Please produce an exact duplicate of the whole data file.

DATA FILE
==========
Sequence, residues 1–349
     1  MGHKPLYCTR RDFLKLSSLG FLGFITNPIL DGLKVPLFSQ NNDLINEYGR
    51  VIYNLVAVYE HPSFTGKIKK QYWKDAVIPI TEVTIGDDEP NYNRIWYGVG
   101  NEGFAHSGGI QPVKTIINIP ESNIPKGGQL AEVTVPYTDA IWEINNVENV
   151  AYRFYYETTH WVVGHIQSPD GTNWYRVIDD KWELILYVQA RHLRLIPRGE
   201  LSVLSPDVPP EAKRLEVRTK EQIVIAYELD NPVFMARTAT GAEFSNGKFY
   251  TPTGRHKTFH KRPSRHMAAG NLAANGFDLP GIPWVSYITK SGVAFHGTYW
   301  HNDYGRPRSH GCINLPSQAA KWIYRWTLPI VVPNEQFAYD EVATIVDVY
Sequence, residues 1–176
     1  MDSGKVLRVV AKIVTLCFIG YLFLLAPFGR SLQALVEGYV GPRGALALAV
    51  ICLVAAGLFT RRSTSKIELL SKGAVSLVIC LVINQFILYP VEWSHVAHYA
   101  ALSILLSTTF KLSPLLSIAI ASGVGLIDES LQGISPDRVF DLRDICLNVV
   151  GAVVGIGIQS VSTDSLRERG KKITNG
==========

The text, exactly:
Sequence, residues 1–349
     1  MGHKPLYCTR RDFLKLSSLG FLGFITNPIL DGLKVPLFSQ NNDLINEYGR
    51  VIYNLVAVYE HPSFTGKIKK QYWKDAVIPI TEVTIGDDEP NYNRIWYGVG
   101  NEGFAHSGGI QPVKTIINIP ESNIPKGGQL AEVTVPYTDA IWEINNVENV
   151  AYRFYYETTH WVVGHIQSPD GTNWYRVIDD KWELILYVQA RHLRLIPRGE
   201  LSVLSPDVPP EAKRLEVRTK EQIVIAYELD NPVFMARTAT GAEFSNGKFY
   251  TPTGRHKTFH KRPSRHMAAG NLAANGFDLP GIPWVSYITK SGVAFHGTYW
   301  HNDYGRPRSH GCINLPSQAA KWIYRWTLPI VVPNEQFAYD EVATIVDVY
Sequence, residues 1–176
     1  MDSGKVLRVV AKIVTLCFIG YLFLLAPFGR SLQALVEGYV GPRGALALAV
    51  ICLVAAGLFT RRSTSKIELL SKGAVSLVIC LVINQFILYP VEWSHVAHYA
   101  ALSILLSTTF KLSPLLSIAI ASGVGLIDES LQGISPDRVF DLRDICLNVV
   151  GAVVGIGIQS VSTDSLRERG KKITNG